Mr. Jim Tolbert presented to Council. He explained the sale history, the
guidelines for the project, and the RFP process. Staff recommends that the property be
sold to the Habitat for Humanity and Southern Development team. Considerations
included clean-up costs for the site, development track records of applicants, better
designed partnerships with CRHA and Region 10, and a commitment to providing
housing through CRHA and Region 10. The closing will not take place until all
approvals are in place. Mr. Tolbert shared conceptual site plans from the chosen
Mr. Norris said we should encourage the chosen team to work with the other
applicants in incorporating desirable aspects of both designs. Mr. Tolbert said that would
be a part of the community process in reaching a final design.
In response to a question from Ms. Smith about the contract, Mr. Tolbert said it
locks in the number of units within a small range. Council will have the opportunity to
give final approval.
Ms. Smith asked whether the City has owned this piece of property for a long
time and if it has ever been part of the cemetery. Mr. Tolbert said we have owned it for a
long time, and it has never been part of the cemetery. Ms. Smith asked if the cemetery
would lose trees as part of the plan. Mr. Tolbert said it would not.
The public hearing was opened.
Mr. Doug Ford, County resident and Habitat for Humanity board member, said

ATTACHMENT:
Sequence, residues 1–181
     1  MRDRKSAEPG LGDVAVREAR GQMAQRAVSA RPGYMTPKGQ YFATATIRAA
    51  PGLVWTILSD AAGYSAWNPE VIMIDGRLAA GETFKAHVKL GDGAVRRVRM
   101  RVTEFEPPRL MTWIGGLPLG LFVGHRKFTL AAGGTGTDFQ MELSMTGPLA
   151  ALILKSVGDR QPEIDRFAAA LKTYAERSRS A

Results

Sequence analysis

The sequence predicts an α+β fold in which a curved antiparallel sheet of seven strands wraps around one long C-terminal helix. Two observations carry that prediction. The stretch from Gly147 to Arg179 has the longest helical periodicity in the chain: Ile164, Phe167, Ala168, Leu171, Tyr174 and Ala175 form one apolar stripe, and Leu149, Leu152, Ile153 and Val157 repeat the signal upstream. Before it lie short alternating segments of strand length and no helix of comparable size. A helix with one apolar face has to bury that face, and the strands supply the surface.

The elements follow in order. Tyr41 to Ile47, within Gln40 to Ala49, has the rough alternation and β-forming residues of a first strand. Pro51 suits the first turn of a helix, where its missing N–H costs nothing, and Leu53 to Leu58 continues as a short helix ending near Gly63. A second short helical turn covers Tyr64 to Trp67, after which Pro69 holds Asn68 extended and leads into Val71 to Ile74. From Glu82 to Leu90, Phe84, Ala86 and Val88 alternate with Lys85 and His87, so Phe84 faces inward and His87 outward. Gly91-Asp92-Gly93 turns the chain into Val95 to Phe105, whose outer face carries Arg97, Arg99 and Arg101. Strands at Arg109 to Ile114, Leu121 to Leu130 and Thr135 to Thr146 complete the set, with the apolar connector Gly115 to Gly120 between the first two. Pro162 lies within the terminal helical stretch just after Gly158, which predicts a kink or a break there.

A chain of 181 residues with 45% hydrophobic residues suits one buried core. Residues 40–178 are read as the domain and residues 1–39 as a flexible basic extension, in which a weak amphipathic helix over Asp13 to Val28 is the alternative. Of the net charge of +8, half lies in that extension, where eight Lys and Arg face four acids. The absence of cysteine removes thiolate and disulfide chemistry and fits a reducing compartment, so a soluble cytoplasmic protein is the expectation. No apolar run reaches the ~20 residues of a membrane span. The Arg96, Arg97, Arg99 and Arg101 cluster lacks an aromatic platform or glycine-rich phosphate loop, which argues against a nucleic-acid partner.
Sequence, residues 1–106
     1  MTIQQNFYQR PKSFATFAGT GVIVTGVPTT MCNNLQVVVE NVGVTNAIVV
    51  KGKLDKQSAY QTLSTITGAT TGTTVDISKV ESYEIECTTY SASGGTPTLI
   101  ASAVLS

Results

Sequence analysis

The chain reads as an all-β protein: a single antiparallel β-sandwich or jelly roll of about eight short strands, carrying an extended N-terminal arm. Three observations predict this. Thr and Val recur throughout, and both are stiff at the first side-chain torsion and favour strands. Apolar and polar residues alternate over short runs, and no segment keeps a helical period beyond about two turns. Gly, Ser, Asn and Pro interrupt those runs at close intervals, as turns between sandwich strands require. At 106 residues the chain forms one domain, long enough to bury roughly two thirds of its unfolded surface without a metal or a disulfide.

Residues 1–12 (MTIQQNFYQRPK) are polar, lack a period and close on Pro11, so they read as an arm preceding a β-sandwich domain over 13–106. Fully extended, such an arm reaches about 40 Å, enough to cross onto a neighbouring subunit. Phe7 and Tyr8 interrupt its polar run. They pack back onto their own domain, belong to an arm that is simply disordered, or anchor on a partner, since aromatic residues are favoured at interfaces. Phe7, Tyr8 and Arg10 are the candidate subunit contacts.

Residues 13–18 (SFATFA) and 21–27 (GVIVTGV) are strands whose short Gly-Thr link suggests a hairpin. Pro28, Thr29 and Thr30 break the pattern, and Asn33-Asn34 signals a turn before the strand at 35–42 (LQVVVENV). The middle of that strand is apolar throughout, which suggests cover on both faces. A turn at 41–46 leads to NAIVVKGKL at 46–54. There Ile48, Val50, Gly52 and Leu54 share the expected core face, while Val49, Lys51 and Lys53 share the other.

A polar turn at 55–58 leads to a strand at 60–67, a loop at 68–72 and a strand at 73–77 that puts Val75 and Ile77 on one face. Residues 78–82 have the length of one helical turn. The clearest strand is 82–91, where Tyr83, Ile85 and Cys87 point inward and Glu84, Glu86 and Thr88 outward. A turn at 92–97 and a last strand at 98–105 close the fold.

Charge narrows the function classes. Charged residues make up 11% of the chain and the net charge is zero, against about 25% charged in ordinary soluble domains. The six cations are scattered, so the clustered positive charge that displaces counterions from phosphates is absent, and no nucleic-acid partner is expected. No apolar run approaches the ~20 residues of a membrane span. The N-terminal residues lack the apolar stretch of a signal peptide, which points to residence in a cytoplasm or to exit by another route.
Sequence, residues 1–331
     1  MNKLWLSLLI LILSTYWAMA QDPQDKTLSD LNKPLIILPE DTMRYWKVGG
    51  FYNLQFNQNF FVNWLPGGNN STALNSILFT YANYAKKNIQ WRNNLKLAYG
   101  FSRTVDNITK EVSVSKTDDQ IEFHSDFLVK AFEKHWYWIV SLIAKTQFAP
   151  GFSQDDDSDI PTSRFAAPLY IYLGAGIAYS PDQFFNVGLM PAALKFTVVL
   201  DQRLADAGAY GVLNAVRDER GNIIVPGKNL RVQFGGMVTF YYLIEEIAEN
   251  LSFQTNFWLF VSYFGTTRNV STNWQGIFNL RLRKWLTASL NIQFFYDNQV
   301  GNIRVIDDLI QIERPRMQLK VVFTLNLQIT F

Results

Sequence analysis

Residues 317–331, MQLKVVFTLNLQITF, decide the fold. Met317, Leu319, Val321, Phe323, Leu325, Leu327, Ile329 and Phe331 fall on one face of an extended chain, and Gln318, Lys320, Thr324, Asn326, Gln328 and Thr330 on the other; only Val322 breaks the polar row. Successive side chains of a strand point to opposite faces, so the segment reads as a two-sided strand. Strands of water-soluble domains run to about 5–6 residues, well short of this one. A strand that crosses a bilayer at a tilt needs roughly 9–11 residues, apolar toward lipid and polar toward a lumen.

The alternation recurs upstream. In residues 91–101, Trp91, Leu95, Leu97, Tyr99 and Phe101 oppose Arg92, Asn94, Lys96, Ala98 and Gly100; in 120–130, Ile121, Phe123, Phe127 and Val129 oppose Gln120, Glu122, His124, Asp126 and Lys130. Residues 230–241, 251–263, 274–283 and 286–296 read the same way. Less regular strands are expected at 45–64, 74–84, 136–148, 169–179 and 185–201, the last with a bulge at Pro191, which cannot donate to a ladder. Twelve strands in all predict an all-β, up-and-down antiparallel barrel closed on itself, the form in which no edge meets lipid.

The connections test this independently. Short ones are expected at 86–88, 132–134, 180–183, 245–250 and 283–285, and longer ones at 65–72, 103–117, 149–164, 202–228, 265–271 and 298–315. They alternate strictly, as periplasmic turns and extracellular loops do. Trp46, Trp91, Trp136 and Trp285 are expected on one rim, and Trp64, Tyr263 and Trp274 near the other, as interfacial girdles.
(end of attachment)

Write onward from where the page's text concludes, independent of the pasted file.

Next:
Habitat is grateful to Council and staff for their support of affordable and mixed income
in housing communities. This project converts what could be a liability into an asset. He
asked audience members in support of the project to stand.
Ms. Jeanne McCusker, county resident and City business owner and Habitat for
Humanity board member, thanked Council for their support and said this is an
opportunity to create a wonderful mixed income development in the City.
Mr. Blake Caravati, 1108 Little High St., said he is with Milestone Partners and
the owner of immediately adjacent land. He thanked Council for the opportunity to bid on
the project. He said they know the neighborhood very well and believes their design team
and development experience is equal to the other team, but risk is a big issue. He said tax
revenue over time will easily ameliorate any upfront costs the City would have to pay to